Question #13:
In the inpatient setting, should adults with CAP and risk factors for MRSA or P. aeruginosa
be treated with ...
Question #14:
In outpatient and inpatient adults with CAP who are improving, what is the appropriate
duration of antibioti...
Question #15:
In the inpatient setting, should adults with CAP be treated with corticosteroids?
 Recommend not routinely ...
See You Next Month!
Drs. Milam and Thomas's CMC X-Ray Mastery Project: February Cases
Drs. Milam and Thomas's CMC X-Ray Mastery Project: February Cases
Drs. Milam and Thomas's CMC X-Ray Mastery Project: February Cases
Drs. Milam and Thomas's CMC X-Ray Mastery Project: February Cases
Drs. Milam and Thomas's CMC X-Ray Mastery Project: February Cases
Drs. Milam and Thomas's CMC X-Ray Mastery Project: February Cases
Drs. Milam and Thomas's CMC X-Ray Mastery Project: February Cases
Drs. Milam and Thomas's CMC X-Ray Mastery Project: February Cases
Drs. Milam and Thomas's CMC X-Ray Mastery Project: February Cases
Drs. Milam and Thomas's CMC X-Ray Mastery Project: February Cases
Drs. Milam and Thomas's CMC X-Ray Mastery Project: February Cases
Drs. Milam and Thomas's CMC X-Ray Mastery Project: February Cases
Drs. Milam and Thomas's CMC X-Ray Mastery Project: February Cases
Drs. Milam and Thomas's CMC X-Ray Mastery Project: February Cases
Drs. Milam and Thomas's CMC X-Ray Mastery Project: February Cases
Drs. Milam and Thomas's CMC X-Ray Mastery Project: February Cases
Drs. Milam and Thomas's CMC X-Ray Mastery Project: February Cases
Drs. Milam and Thomas's CMC X-Ray Mastery Project: February Cases
Drs. Milam and Thomas's CMC X-Ray Mastery Project: February Cases
Drs. Milam and Thomas's CMC X-Ray Mastery Project: February Cases
Drs. Milam and Thomas's CMC X-Ray Mastery Project: February Cases
Drs. Milam and Thomas's CMC X-Ray Mastery Project: February Cases
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Drs. Milam and Thomas's CMC X-Ray Mastery Project: February Cases

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Drs. Claire Milam and Alyssa Thomas are Emergency Medicine Residents and interested in medical education. With the guidance of Dr. Michael Gibbs, a notable Professor of Emergency Medicine, they aim to help augment our understanding of emergent imaging. Follow along with the EMGuideWire.com team as they post these monthly educational, self-guided radiology slides on:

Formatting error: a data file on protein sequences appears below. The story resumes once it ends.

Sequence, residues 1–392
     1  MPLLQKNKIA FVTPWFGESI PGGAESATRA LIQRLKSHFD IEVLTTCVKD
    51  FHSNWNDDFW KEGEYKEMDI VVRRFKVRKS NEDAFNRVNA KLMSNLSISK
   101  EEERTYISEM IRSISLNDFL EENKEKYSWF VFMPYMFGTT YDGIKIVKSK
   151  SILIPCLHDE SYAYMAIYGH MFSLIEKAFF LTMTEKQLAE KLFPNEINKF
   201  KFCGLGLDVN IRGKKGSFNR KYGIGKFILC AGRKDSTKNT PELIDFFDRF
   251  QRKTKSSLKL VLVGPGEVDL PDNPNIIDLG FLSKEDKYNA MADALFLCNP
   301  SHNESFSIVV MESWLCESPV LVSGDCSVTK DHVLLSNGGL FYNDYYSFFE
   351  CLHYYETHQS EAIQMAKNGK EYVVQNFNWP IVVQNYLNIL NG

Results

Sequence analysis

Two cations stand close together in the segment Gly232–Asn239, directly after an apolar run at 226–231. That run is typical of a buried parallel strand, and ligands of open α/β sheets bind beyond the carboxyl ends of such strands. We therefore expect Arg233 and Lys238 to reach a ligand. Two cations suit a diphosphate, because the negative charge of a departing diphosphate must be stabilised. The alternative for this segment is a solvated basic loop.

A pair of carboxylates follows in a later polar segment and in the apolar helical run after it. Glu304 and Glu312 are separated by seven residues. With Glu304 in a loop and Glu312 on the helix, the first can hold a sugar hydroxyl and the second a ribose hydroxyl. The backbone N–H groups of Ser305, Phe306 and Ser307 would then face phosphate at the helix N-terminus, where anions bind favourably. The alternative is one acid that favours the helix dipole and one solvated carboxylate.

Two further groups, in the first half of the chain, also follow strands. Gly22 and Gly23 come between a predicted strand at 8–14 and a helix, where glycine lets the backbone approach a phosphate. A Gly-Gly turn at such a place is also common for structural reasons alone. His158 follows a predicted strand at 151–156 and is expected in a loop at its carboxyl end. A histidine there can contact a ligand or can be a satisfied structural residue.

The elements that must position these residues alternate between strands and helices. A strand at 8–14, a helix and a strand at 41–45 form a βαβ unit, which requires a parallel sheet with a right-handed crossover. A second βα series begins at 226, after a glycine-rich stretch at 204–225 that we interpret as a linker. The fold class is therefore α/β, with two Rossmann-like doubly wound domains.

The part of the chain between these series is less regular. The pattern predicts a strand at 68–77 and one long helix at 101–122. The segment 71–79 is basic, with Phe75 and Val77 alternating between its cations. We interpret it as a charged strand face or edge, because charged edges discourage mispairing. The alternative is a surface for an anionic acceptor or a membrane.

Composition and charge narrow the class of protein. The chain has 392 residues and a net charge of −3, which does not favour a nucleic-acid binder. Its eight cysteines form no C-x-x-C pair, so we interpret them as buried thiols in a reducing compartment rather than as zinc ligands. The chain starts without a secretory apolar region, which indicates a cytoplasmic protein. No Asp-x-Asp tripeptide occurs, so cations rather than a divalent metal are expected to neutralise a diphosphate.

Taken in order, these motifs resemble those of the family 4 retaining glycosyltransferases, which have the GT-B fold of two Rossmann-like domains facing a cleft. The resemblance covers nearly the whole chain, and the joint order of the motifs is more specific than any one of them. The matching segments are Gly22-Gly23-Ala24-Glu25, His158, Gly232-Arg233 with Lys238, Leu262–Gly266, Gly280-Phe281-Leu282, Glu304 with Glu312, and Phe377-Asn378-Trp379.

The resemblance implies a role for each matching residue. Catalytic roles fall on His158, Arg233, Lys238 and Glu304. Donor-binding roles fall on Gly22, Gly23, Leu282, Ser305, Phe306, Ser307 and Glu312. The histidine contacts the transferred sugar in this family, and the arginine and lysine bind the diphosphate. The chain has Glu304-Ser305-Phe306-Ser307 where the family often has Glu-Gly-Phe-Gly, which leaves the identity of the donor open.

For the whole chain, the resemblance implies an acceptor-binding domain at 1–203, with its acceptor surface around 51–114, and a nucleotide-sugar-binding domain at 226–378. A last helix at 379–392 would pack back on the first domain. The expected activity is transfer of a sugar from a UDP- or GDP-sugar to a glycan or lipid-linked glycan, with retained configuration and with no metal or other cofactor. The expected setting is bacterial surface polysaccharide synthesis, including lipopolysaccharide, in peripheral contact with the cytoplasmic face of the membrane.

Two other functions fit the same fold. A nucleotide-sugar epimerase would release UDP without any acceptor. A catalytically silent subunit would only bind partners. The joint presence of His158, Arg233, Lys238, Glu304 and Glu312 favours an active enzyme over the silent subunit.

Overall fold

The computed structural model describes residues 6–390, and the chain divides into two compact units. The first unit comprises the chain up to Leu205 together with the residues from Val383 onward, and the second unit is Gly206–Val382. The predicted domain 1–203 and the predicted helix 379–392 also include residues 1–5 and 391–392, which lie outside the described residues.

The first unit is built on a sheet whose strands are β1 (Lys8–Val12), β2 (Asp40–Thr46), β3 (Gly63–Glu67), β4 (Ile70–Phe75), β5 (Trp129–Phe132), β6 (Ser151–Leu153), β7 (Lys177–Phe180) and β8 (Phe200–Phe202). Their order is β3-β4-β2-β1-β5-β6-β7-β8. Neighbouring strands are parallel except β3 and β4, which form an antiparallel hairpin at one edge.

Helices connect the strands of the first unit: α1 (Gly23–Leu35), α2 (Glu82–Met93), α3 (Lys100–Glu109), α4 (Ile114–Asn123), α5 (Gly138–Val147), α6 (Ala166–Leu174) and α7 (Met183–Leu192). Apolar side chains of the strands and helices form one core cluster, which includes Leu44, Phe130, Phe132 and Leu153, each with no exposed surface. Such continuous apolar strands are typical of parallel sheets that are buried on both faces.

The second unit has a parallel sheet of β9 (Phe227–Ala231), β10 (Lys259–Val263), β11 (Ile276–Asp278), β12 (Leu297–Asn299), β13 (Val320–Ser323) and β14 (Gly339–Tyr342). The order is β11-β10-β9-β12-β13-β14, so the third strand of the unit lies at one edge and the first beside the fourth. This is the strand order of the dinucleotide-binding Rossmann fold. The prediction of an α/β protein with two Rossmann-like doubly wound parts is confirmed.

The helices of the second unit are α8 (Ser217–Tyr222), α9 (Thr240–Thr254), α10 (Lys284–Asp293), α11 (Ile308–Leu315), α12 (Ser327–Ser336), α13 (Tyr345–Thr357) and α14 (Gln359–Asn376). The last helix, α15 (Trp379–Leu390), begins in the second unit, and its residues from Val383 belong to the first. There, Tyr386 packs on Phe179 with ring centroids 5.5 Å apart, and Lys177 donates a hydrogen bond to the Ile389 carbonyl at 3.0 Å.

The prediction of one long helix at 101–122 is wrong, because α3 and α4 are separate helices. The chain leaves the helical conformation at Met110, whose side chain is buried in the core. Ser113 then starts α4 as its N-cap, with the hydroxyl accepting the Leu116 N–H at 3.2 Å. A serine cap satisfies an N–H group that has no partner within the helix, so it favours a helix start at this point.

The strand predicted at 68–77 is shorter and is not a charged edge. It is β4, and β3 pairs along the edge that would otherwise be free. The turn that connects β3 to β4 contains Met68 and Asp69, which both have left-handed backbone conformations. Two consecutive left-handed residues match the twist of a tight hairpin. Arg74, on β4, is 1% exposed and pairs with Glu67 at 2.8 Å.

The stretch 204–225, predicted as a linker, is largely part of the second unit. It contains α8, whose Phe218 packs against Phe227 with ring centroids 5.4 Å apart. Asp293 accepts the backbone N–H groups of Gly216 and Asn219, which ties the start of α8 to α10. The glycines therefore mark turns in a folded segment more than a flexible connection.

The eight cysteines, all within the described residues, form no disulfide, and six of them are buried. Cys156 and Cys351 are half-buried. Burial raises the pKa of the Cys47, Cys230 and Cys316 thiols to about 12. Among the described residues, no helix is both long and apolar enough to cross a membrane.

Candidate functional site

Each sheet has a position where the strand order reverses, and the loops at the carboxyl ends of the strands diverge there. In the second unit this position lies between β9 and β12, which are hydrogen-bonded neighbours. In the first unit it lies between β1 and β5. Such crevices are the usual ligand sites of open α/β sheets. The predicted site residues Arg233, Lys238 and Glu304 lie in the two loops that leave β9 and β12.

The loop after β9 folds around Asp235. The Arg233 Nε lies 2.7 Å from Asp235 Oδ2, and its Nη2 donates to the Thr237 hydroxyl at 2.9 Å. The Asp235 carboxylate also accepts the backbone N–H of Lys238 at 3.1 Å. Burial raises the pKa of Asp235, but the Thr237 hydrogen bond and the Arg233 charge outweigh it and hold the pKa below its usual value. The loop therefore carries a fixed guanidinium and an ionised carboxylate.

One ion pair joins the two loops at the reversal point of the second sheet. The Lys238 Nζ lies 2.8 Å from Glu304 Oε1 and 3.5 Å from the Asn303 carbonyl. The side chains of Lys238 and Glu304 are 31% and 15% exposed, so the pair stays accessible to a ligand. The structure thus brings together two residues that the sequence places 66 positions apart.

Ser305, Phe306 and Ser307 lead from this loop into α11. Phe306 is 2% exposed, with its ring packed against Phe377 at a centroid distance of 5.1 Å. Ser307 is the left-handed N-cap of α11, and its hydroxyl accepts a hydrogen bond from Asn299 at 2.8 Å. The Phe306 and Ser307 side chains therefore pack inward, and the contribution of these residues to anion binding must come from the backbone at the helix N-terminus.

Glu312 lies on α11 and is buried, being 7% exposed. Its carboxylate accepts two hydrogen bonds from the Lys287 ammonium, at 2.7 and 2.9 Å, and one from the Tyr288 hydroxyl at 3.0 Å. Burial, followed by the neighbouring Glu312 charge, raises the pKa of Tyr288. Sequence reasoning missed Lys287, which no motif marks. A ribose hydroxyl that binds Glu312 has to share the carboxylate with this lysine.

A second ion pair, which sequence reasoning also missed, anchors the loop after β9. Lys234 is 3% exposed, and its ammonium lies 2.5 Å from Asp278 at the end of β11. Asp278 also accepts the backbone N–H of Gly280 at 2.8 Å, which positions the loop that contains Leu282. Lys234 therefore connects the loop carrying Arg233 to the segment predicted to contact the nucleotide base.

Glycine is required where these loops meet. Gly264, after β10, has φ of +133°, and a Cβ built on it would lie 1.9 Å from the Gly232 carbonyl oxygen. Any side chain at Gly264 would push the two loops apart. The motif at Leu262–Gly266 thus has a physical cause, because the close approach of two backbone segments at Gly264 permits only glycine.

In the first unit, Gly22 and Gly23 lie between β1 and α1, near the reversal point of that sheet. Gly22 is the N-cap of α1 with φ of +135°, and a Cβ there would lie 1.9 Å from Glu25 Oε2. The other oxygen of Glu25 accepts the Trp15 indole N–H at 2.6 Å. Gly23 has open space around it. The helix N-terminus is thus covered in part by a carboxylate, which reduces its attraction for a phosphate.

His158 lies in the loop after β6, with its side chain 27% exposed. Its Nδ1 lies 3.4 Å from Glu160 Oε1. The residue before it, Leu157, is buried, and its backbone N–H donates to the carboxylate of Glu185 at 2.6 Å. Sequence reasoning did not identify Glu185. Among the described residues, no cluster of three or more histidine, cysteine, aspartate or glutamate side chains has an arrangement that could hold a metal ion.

• Mycoplasma pneumonia
• Thoracic aortic aneurysm
• Hydropneumothorax
• Sternal fracture
• Foreign body
• Iatrogenic pneumothorax
• Pulmonary contusion
• Type A aortic dissection
• Cardiomegaly
• PCP pneumonia
• Pneumothorax

  • Be the first to like this

Drs. Milam and Thomas's CMC X-Ray Mastery Project: February Cases

  1. 1. Adult Chest X-Rays Of The Month Alyssa Thomas MD & Claire Milam MD Department of Emergency Medicine Carolinas Medical Center & Levine Children’s Hospital Michael Gibbs MD, Faculty Editor Chest X-Ray Mastery Project February 2020
  2. 2. Disclosures  This ongoing chest X-ray interpretation series is proudly sponsored by the Emergency Medicine Residency Program at Carolinas Medical Center.  The goal is to promote widespread mastery of CXR interpretation.  There is no personal health information [PHI] within, and ages have been changed to protect patient confidentiality.
  3. 3. Process  Many are providing cases and these slides are shared with all contributors.  Contributors from many CMC/LCH departments, and now from EM colleagues in Brazil, Chile and Tanzania.  Cases submitted this month will be distributed next month.  When reviewing the presentation, the 1st image will show a chest X-ray without identifiers and the 2nd image will reveal the diagnosis.
  4. 4. Visit Our Website www.EMGuidewire.com For A Complete Archive Of Chest X-Ray Presentations And Much More!
  5. 5. Airway Bones Cardiac Diaphragm Effusion Foreign body Gastric Hilum
  6. 6. It’s All About The Anatomy!
  7. 7. Healthy 20-Year- Old Male Seen At His PCP’s Office Where This Chest X-Ray Was Obtained.
  8. 8. Healthy 20-Year- Old Male Seen At His PCP’s Office Where This Chest X-Ray Was Obtained: Diagnosed With RLL Pneumonia. Rx: Ceftriaxone + A Prescription For Amoxicillin/Clavulanate
  9. 9. The Patient Presents To The ED 24 Hours Later With Cough + Persistent Tachycardia & Hypoxia.
  10. 10. The Patient Presents To The ED 24 Hours Later With Cough + Persistent Tachycardia & Hypoxia. Worsening Pneumonia Despite Therapy.
  11. 11. ED Rx: Azithromycin + Ceftriaxone & Admitted. The Patient Presents To The ED 24 Hours Later With Cough + Persistent Tachycardia & Hypoxia.
  12. 12. Serology [+] For Mycoplasma.
  13. 13. The Patient Was Initially Treated With Ceftriaxone In The Office And Prescribed Amoxicillin-Clavulanate. Is This An Appropriate Strategy For The Outpatient Management of Community Acquired Pneumonia?
  14. 14. The Patient Was Initially Treated With Ceftriaxone In The Office And Prescribed Amoxicillin-Clavulanate. Is This An Appropriate Strategy For The Outpatient Management of Community Acquired Pneumonia? According To The Most Recent IDSA/ATS Guidelines: The Answer is Yes.
  15. 15. This Represents A Change From The 2007 IDSA/ATS Guidelines.
  16. 16. “In a departure from the prior CAP guidelines, the panel did not give a strong recommendation for routine use of a macrolide antibiotic as monotherapy for outpatient community acquired pneumonia. This was based on studies of macrolide failures in patients with macrolide-resistant S. pneumonia1,2, in combination with a macrolide resistance rate of >30% among S. pneumonia isolates in the United States, of which is high-level resistance3.” 1Lonks JR. Clin Infect Dis 2002;35:556-564. 2Daneman N. Clin Infect Dis 2006; 43:432-438. 3CDC. Active Bacteria Core Surveillance (ABCs) Report - 2015. Report Accessed 2019. PUNCH LINE?  Macrolide monotherapy is no longer recommended because of Pneumococcal resistance.  Know your local resistance patterns [Charlotte, NC = 30% resistance in 2019].  Choose double therapy if atypical pneumonia is a possibility.